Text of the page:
Check out the latest KB Home earnings call transcript.
For reasons that are hard to understand, homebuilder KB Home (NYSE:KBH) is a bit of a Wall Street darling. Analysts upgraded the stock seven times in 2018 and are expecting considerable growth in 2019. Based on its most recent earnings report, though, meeting those expectations is going to be a challenge. In fact, it wouldn't be surprising if we see earnings at KB Home decline in 2019.
Here's a look at why KB Home's results are looking a little shaky right now and why 2019 could be a challenging year.
By the numbers
|Metric||Q4 2018||Q3 2018||Q4 2017|
|Revenue||$1.35 billion||$1.22 billion||$1.40 billion|
|Homebuilding operating income||$122.4 million||$105.6 million||$131.6 million|
|Net income||$96.8 million||$87.4 million||$84.3 million|
Thanks to the recent round of tax cuts, KB Home was able to post a decent increase in earnings per share. Were it not for those changes, though, this past quarter would have been a bit more disappointing. Revenue decreased 5%, net new orders declined 12%, its cancellation rate increased to 28%, and its community absorption rate -- the number of homes sold per community -- was down to 2.9 per month.
On their own, the raw numbers don't paint a pretty picture, but it gets worse when you drill down into the regional results. The West Coast market has been its largest and most profitable region, but this is where KB Home saw some of its larger declines. Even its uptick in sales in the Southeast couldn't make up for the West Coast decline.
What's worse is that net new orders for the West Coast were also down 20% this past quarter to 485. Losing that much business in the West Coast led to its backlog shrinking.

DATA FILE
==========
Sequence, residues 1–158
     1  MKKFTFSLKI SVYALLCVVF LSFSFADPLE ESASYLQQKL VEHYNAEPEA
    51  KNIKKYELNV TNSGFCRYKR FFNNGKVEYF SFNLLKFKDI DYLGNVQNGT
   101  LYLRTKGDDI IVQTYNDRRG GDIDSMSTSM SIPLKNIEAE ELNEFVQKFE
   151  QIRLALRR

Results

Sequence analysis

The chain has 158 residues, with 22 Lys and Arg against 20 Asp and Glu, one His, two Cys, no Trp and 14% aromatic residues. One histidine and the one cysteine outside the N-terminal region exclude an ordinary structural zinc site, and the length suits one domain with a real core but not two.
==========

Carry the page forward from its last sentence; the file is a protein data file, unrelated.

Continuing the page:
Yes, homebuilding is a seasonal business, and this time of the year is typically the lower season, but declines this sharp are more than just seasonal trends and portend weaker earnings results in the coming quarters.
If there is one thing to give KG Home credit for, it's that management is starting to tackle its debt load. The company reduced its total debt load by $260 million in 2018 and was able to get net debt to capital down to 41%. Even with these improvements, though, it still remains one of the most indebted homebuilders out there.
What management had to say
The largest headwind for homebuilders today is housing affordability. After years of increasing home prices and the recent uptick in lending rates, potential home buyers are starting to balk at the price for a home. According to CEO Jeff Metzger, the company is looking to address this in 2019 by making some tweaks to the homes it's currently offering.
We believe we are well positioned for 2019, with an anticipated 10% to 15% increase in our community count. In addition, we have taken proactive steps to reposition many of our existing and future communities to make our product more affordable. Our business model enables us to efficiently move with demand, leveraging our existing plan series to add smaller square footage options to our communities, and adjusting the specification levels within our homes.
The specification level is a big thing for KB Home because it prides itself on the level of customization it provides potential buyers. At the same time, though, the company targets first-time buyers with lower-price-point homes. These two things work against each other, as higher levels of customization inevitably mean higher prices. Eventually, either customization or affordability was going to take precedence, and it appears affordability won this round.
It will probably get worse before it gets better
Reading the tea leaves of KB Home's recent results, investors shouldn't be surprised if we see a couple of quarters with weaker results. The one-two punch of lower net new orders and a rising cancellation rate suggests its backlog will get drawn down faster than others and will start to eat into sales even more. That stands in rather stark contrast with Wall Street's 2019 earnings estimates in the range of $2.41 to $3.30 per share.
What's even stranger is that KB Home's stock continues to be valued as one of the most expensive in the homebuilder business even though it has continually underperformed its peers in generating returns. Investors looking at this industry should shy away from this stock, because it's hard to see the value you get from its shares right now.